On 4 August 1870, a public meeting was held in London following the breakout of way between France and Prussia in July and a resolution passed that ‘a National Society be formed in this country for aiding sick and wounded soldiers in time of war and that the said Society be formed upon the rules laid down by the Geneva Convention of 1864.’

The British National Society for Aid to the Sick and Wounded in War was formed. It gave aid and relief to both warring armies during the Franco-Prussian War and in other wars and campaigns during the 19th century. This was done under the protection of the red cross emblem and was renamed as the British Red Cross in 1905.

For more information on the British Red Cross and the other organisations within the Red Cross group, see below

British Red Cross – https://www.redcross.org.uk/

American Red Cross – https://www.redcross.org/ns/site/index.html

The International Committee of the Red Cross – https://www.icrc.org/en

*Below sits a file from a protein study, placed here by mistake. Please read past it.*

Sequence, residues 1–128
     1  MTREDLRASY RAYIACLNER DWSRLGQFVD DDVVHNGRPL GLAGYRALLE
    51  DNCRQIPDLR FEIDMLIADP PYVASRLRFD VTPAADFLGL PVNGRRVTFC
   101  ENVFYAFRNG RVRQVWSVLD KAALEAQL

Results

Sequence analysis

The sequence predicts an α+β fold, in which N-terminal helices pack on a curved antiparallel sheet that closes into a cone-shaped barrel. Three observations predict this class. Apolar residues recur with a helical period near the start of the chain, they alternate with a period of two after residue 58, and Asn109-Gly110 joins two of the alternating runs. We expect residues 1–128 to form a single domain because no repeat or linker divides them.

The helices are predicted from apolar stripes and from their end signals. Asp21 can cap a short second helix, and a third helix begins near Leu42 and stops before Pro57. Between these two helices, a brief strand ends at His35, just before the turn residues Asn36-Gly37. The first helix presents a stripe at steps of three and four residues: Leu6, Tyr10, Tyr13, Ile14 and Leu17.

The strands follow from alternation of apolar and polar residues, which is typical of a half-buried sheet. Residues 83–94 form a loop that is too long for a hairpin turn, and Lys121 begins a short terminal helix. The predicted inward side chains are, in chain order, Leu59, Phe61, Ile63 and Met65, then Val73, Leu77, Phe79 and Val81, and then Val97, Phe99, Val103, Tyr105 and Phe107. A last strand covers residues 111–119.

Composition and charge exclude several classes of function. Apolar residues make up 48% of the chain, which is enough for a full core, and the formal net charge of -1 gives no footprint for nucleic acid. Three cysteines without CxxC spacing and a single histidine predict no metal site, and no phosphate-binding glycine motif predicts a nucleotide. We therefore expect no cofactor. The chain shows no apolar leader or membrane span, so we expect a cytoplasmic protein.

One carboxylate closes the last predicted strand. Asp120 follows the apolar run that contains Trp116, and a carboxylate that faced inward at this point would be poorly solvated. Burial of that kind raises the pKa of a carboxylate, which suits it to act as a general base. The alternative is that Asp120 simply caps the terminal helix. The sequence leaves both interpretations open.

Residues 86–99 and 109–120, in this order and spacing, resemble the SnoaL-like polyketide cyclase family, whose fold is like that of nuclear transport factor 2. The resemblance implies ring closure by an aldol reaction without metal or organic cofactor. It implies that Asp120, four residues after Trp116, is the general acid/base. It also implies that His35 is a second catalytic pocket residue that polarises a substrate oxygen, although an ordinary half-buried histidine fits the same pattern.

The Red Cross Helping You

Did you know that closer to home, in fact possibly in your local town or city, the British Red Cross is working right now on projects in your community?

Did you know you could borrow or hire a wheelchair on a short-term basis?  You just type in your postcode to see where your nearest provider is.  https://www.redcross.org.uk/get-help/borrow-a-wheelchair

You can get support and care to help you live independently at home or when you return after a stay in hospital.  If you’re returning from hospital, they make sure you have everything you need for your first 24 to 72 hours back at home. They may then provide up to 12 weeks of support depending on the level of help you need.  https://www.redcross.org.uk/get-help/get-support-at-home